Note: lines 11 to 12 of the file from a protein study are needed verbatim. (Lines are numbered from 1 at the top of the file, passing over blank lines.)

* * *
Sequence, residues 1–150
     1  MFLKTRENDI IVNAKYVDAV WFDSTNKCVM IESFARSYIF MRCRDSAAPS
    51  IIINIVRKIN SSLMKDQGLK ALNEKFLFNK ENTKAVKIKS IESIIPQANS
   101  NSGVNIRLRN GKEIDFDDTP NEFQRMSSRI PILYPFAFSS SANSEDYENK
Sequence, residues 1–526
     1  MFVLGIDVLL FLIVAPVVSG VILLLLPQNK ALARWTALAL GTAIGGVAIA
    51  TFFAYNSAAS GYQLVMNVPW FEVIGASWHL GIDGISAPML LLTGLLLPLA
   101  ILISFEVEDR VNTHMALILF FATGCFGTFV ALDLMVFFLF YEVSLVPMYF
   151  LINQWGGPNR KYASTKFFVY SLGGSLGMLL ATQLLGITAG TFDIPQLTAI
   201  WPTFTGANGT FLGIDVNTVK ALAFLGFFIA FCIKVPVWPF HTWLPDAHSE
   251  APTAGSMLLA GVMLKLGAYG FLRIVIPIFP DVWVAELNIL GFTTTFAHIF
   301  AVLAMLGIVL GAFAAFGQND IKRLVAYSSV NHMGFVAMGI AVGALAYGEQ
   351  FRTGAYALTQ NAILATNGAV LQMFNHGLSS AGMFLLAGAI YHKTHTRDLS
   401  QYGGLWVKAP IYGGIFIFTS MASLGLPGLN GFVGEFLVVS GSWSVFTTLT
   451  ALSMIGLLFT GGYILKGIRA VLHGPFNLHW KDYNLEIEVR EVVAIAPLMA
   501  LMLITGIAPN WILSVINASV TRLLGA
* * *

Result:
   251  APTAGSMLLA GVMLKLGAYG FLRIVIPIFP DVWVAELNIL GFTTTFAHIF
   301  AVLAMLGIVL GAFAAFGQND IKRLVAYSSV NHMGFVAMGI AVGALAYGEQ